To compare retrieved TPW with GPS-based estimates from SuomiNet, we identified MHS observations which came no more than 15 min before or after a SuomiNet estimate and which were centered on a location no greater than 0.5° away in latitude or longitude. MHS pixels were only eligible for comparison if both the MiRS and CSU 1DVAR algorithms reached convergence. When comparing SuomiNet TPW values to MERRA-2, the MERRA-2 oceanic grid point closest to the GPS station was used.

The CSU 1DVAR algorithm only converges over the ocean, so the only GPS stations that produce observations meeting the matchup requirements outlined above are stations located on small islands and some coastal stations. Figure 4 shows the location of the 45 GPS stations that yielded at least 10 TPW estimates coincident with a MetOp-B MHS overpass during the month of June 2016. Note that, while most of the GPS stations are located at a low elevation, they are all located above sea level, and measure only the precipitable water in the atmosphere above that elevation. Thus, one would expect the SuomiNet estimate of TPW to be biased low relative to the TPW of the surrounding oceanic areas. To allow for a direct comparison with the sea level–based TPW estimates from MiRS, CSU 1DVAR, and MERRA-2, we use a simple model to account for the water vapor in the atmospheric column above the ocean surface but below the station elevation. Following the example of Mears et al. (2015), we assume the intervening atmosphere has a temperature equal to the SST used in the 1DVAR retrieval, with a relative humidity of 80%. Since nearly all of the GPS stations considered lie at an elevation below 100 m above sea level, the adjustments resulting from this procedure are generally small (typically around 1 mm). The exceptions are the stations on Mauritius Island (elevation: 427 m) and Christmas Island (elevation: 266 m). However, even for these stations, the simple adjustment technique seems to be satisfactory, with error statistics that are consistent with the lower-elevation GPS stations.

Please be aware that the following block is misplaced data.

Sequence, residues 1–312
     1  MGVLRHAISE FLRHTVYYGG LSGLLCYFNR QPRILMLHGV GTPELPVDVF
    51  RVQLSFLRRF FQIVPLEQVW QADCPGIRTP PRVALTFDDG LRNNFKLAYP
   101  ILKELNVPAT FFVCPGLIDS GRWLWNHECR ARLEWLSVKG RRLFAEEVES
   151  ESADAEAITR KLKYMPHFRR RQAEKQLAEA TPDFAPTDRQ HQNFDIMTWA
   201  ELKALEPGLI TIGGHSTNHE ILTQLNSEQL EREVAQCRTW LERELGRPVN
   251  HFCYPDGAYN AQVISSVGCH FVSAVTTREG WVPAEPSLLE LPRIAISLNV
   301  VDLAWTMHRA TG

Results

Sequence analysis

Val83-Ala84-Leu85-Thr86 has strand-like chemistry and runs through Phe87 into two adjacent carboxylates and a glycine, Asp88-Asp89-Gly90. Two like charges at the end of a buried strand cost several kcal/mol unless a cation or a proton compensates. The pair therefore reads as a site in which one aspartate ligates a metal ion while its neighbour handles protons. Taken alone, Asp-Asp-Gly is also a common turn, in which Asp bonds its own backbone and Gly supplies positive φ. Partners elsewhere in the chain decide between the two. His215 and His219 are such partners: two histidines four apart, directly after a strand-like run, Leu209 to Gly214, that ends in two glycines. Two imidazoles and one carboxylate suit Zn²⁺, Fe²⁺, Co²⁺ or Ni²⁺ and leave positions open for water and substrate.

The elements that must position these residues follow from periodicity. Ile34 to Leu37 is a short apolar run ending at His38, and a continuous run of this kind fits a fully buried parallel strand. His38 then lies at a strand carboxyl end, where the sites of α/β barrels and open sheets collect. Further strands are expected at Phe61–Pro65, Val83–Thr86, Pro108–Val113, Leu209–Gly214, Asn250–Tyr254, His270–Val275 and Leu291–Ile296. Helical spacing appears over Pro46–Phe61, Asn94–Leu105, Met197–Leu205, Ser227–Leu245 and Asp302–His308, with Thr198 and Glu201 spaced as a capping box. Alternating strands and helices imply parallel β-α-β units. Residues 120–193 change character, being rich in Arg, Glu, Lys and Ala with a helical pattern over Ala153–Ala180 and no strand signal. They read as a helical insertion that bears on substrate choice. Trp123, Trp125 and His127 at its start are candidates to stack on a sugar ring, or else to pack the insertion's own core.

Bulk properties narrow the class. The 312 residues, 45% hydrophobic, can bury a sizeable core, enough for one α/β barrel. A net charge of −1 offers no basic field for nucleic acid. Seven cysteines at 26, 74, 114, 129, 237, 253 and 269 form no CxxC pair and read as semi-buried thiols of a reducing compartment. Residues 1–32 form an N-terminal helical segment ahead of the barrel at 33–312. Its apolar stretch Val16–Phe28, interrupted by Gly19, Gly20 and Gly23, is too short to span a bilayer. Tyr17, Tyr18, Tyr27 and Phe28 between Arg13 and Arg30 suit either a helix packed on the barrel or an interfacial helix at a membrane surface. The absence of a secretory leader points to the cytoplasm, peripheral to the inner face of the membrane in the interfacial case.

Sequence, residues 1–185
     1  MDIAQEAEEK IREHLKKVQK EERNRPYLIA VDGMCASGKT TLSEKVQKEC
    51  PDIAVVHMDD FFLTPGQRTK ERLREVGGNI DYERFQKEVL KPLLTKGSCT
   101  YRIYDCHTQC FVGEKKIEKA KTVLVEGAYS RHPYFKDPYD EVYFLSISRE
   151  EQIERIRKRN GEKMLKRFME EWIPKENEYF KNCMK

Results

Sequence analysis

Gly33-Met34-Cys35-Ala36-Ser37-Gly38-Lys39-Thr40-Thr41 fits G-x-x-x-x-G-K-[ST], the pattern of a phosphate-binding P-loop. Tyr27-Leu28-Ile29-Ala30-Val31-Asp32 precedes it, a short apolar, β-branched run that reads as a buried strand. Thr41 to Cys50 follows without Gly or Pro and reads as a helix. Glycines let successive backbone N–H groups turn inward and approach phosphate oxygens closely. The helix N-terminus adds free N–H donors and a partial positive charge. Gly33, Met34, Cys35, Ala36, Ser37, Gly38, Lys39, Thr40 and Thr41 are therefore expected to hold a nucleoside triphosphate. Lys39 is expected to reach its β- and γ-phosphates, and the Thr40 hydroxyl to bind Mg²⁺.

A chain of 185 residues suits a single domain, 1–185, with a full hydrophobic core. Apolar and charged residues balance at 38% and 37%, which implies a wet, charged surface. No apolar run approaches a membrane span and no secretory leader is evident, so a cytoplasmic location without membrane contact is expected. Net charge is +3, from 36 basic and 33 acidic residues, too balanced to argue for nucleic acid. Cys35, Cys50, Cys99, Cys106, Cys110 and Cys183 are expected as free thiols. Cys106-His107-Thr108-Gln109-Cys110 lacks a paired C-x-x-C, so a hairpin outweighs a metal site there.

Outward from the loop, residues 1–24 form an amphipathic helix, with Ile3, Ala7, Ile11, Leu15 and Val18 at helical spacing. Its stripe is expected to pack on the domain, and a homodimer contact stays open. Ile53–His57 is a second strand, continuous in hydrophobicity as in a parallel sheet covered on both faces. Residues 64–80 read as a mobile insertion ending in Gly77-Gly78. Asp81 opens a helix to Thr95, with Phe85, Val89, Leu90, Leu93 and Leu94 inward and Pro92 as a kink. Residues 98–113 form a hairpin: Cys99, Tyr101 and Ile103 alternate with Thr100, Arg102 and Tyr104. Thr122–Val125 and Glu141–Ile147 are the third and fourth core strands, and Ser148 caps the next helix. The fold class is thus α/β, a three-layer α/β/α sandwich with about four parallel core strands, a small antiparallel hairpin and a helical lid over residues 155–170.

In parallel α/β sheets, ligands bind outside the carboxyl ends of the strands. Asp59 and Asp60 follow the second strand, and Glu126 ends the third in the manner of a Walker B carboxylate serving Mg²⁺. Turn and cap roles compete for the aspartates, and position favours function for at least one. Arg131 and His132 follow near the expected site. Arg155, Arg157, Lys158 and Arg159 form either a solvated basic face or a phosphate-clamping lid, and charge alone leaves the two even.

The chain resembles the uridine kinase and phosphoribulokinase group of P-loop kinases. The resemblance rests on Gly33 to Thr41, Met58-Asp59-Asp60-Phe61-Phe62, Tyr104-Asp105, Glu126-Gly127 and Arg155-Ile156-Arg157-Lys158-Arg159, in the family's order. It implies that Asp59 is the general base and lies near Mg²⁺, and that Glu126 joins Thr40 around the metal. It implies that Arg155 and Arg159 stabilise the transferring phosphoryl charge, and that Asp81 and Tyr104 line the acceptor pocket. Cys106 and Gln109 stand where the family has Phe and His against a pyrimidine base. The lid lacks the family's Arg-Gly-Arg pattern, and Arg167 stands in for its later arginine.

Fig. 4.
Fig. 4.

Location of the SuomiNet coastal and island GPS stations used to validate oceanic TPW estimates.

Citation: Journal of Atmospheric and Oceanic Technology 36, 3; 10.1175/JTECH-D-18-0133.1

4. Results

a. Comparison of CSU 1DVAR and MiRS algorithms

In the results that follow we use MiRS output as one of the main reference points by which to judge the performance of the CSU 1DVAR algorithm. We have used MiRS as a source of comparison because it is a widely used, state-of-the-art, flexible retrieval algorithm that is underpinned by much of the same mathematics as the CSU 1DVAR algorithm. Given that both algorithms are built on the OE framework, it is helpful to consider the differences between the two algorithms, so as to better understand the potential reasons why the two algorithms might yield different results. Table 1 outlines what we believe to be some of the most important differences.

Table 1.

Summary of key differences between the MiRS and CSU 1DVAR algorithms.

Table 1.

One key difference is that the algorithms use different radiometric inputs. As mentioned earlier, CSU 1DVAR does not take into account AMSU-A channels. For the results presented here, however, what is probably more significant is that the MiRS algorithm uses operational level-1B (L1B) brightness temperatures, while the CSU 1DVAR uses L1C intercalibrated Tbs. This means that the radiometric bias corrections computed by MiRS incorporate both forward model biases (which should in principle be very similar from one satellite to another) as well as satellite-specific calibration differences. The use of intercalibrated Tbs by CSU 1DVAR allows us to compute a single set of offsets that can be applied to all satellites carrying a given instrument. The resulting offsets thus represent mostly forward models biases as opposed to calibration errors.